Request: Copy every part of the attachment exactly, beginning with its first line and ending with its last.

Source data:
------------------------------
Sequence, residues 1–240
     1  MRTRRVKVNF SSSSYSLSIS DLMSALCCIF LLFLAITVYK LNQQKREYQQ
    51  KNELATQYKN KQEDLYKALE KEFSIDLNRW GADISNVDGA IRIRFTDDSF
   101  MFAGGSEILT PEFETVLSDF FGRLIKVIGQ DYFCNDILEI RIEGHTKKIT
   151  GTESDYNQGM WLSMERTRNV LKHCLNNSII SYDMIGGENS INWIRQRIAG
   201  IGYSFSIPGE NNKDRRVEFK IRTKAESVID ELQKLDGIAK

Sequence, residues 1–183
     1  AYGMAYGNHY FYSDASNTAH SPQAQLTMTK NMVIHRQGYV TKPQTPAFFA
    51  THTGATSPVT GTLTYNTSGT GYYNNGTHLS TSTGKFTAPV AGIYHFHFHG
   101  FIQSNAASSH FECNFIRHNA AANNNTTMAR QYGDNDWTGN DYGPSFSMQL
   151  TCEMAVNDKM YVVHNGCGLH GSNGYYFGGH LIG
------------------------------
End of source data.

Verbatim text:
Sequence, residues 1–240
     1  MRTRRVKVNF SSSSYSLSIS DLMSALCCIF LLFLAITVYK LNQQKREYQQ
    51  KNELATQYKN KQEDLYKALE KEFSIDLNRW GADISNVDGA IRIRFTDDSF
   101  MFAGGSEILT PEFETVLSDF FGRLIKVIGQ DYFCNDILEI RIEGHTKKIT
   151  GTESDYNQGM WLSMERTRNV LKHCLNNSII SYDMIGGENS INWIRQRIAG
   201  IGYSFSIPGE NNKDRRVEFK IRTKAESVID ELQKLDGIAK

Sequence, residues 1–183
     1  AYGMAYGNHY FYSDASNTAH SPQAQLTMTK NMVIHRQGYV TKPQTPAFFA
    51  THTGATSPVT GTLTYNTSGT GYYNNGTHLS TSTGKFTAPV AGIYHFHFHG
   101  FIQSNAASSH FECNFIRHNA AANNNTTMAR QYGDNDWTGN DYGPSFSMQL
   151  TCEMAVNDKM YVVHNGCGLH GSNGYYFGGH LIG